Definition: A difficult or unpleasant situation.
“resilience in the face of adversity”
When we set out to tackle our goals we find along the way that there are stumbling blocks, haters, challenges, whatever you want to call them, ultimately they are in our way. When faced with a difficult challenge the first question I ask myself is
“How much do I want it?”
This essentially is my social contract and only I can answer it. Its the same for everyone around us. This is the time you look in the mirror and agree with yourself that you’re going to go for it or your not. Your true character is being tested and ultimately it is you who judges this. No one else.
We hear famous people say it over and over again; it’s always been a dream to get to the elite level and that if you work hard and follow your dream you’ll succeed. Again they simply wanted to succeed so much that every challenge they faced was approached head on.
Theres a term used in psychology called cognitive tunnelling. Its when people are so focused on achieving a goal they focus all their effort on that one particular thing and ultimately they ignore all unnecessary distractions.
It was outlined to me when I was working on Optimum Nutrition with an old colleague of mine Paul Fisher. We were planning a sampling activation for a new product and while we investigated we found that humans IQ drops around 10-15% when they are focused on achieving an objectvie. For ON this meant when their audience was going training be it in the gym, pitch whatever, they are solely focused on the task at hand and they completely block out all unnecessary distractions. Once they achieve their objectives then they are so much more open to being approached. Especially after training you’ve released a load of endorphins (happy hormone) you’re far more pleasant and accessible.
This same can be said for the farmer who must sow his crops, the parent who must pay their bills, you name it. But when they achieve it a weight is lifted and then on to the next objective.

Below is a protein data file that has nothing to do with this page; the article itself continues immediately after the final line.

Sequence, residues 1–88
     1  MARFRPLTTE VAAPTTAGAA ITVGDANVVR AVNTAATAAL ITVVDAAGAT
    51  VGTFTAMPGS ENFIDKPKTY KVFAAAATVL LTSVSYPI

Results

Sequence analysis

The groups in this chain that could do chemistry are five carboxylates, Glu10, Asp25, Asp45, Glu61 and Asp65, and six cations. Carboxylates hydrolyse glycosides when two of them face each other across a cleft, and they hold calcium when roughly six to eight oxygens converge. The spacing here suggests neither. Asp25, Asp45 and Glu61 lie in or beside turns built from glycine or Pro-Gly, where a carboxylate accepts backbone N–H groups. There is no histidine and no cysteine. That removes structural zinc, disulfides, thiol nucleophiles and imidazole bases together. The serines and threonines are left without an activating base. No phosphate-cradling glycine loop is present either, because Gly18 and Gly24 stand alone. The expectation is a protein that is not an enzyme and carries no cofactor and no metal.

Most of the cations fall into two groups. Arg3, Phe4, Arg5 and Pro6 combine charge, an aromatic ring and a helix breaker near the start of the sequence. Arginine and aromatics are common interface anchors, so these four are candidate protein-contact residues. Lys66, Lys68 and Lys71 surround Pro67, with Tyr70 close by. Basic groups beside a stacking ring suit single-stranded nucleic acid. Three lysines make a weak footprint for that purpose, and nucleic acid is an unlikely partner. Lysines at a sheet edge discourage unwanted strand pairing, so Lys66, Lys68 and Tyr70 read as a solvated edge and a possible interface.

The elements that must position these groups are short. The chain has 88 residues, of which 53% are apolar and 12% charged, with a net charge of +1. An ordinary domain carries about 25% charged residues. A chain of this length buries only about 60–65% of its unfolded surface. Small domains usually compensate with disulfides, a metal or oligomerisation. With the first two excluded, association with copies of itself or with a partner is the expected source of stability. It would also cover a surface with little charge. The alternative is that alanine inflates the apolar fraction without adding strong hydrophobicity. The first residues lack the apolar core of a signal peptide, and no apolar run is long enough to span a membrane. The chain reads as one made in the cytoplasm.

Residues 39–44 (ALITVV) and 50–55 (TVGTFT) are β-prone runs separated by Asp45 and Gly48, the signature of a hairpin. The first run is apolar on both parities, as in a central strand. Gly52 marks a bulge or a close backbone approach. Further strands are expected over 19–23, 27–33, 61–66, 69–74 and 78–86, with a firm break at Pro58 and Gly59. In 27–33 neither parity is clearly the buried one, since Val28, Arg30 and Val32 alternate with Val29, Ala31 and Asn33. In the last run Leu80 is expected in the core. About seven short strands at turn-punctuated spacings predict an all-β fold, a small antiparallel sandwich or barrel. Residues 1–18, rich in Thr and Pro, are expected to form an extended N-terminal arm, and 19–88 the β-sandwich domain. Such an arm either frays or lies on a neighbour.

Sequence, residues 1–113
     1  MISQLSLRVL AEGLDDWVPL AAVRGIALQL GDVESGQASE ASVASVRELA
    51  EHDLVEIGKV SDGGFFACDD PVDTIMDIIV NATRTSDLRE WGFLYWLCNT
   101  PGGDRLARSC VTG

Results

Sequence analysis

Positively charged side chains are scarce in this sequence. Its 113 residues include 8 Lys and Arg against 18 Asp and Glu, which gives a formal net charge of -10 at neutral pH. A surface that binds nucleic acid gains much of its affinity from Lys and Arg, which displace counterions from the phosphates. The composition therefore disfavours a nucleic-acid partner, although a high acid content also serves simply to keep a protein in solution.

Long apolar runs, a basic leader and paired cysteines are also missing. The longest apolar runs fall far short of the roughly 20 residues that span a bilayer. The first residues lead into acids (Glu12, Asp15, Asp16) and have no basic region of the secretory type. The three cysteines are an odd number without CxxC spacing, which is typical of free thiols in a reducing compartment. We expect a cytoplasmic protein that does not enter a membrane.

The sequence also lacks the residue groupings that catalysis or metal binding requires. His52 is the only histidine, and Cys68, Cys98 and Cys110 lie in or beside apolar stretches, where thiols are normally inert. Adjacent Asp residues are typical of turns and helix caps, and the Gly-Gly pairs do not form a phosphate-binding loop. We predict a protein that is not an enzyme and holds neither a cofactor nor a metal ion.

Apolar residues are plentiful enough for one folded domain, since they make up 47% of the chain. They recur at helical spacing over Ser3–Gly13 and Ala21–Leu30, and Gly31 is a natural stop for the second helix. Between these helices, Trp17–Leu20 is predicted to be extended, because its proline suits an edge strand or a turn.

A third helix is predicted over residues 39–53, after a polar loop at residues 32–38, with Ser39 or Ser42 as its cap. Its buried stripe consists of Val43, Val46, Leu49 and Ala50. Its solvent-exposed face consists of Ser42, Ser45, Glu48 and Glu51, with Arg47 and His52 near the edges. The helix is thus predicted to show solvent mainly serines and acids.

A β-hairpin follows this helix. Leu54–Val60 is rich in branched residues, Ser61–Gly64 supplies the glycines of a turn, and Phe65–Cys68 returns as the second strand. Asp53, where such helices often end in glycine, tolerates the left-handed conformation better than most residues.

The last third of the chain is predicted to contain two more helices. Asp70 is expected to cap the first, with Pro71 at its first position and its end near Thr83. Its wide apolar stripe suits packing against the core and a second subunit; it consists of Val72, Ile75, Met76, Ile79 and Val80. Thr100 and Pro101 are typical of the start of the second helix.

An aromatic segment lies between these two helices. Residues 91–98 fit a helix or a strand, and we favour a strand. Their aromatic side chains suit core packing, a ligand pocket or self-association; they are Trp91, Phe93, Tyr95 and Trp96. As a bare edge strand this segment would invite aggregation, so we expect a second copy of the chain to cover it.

There’s a fine balance though, ignoring everything vs alienating yourself. I’ve noticed people work so hard to prove to themselves all their lives that what they are doing is worthwhile, however they sometimes forget the reasons they began the journey in the first place. Was it to give a better life for their family, was it to prove to themselves or was it something else?
Eric Thomas is a great motivational speaker. Not only does he ask people how much do they want it, he also focuses in one of his speeches the ability to answer “Why?” Why are you doing what your doing, why are you trying to achieve your goal. The why is the piece of the puzzle you cling to when the pressure is on.
“Did I do my best?”
Go back to your social contract and take another look in the mirror. For me this is so important because as much as you may want to achieve your goals, reach those new heights or win that new contract, sometimes your best is not enough and that is the harsh reality of life. However it’s what you learn from this that determines your true character, how you take this information and channel it to make you better.
Adversities, challenges whatever you want to call them, can equally be seen as opportunities. It you who determines if the glass is half full or half empty. Next time you decide your ready to take on the world:
- Set your objective and look in the mirror
- Answer “WHY”
- Agree your social contract and get to work
- At the end look in the mirror
Nothing worthwhile is easy.